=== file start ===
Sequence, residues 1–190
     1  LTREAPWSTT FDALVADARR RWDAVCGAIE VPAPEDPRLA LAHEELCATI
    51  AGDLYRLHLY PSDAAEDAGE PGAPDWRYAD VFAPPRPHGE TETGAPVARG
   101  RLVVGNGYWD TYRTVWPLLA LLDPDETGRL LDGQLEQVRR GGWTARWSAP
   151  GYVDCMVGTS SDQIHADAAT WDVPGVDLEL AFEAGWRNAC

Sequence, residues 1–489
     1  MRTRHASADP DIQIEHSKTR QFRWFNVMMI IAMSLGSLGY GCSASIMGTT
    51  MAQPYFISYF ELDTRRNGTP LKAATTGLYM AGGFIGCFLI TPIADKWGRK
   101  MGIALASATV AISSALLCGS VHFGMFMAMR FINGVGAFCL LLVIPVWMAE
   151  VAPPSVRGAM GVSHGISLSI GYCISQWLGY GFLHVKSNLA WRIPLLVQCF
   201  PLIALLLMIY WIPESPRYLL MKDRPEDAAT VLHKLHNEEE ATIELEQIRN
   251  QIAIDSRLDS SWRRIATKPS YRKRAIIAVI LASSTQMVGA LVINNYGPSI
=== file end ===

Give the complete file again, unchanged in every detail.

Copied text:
Sequence, residues 1–190
     1  LTREAPWSTT FDALVADARR RWDAVCGAIE VPAPEDPRLA LAHEELCATI
    51  AGDLYRLHLY PSDAAEDAGE PGAPDWRYAD VFAPPRPHGE TETGAPVARG
   101  RLVVGNGYWD TYRTVWPLLA LLDPDETGRL LDGQLEQVRR GGWTARWSAP
   151  GYVDCMVGTS SDQIHADAAT WDVPGVDLEL AFEAGWRNAC

Sequence, residues 1–489
     1  MRTRHASADP DIQIEHSKTR QFRWFNVMMI IAMSLGSLGY GCSASIMGTT
    51  MAQPYFISYF ELDTRRNGTP LKAATTGLYM AGGFIGCFLI TPIADKWGRK
   101  MGIALASATV AISSALLCGS VHFGMFMAMR FINGVGAFCL LLVIPVWMAE
   151  VAPPSVRGAM GVSHGISLSI GYCISQWLGY GFLHVKSNLA WRIPLLVQCF
   201  PLIALLLMIY WIPESPRYLL MKDRPEDAAT VLHKLHNEEE ATIELEQIRN
   251  QIAIDSRLDS SWRRIATKPS YRKRAIIAVI LASSTQMVGA LVINNYGPSI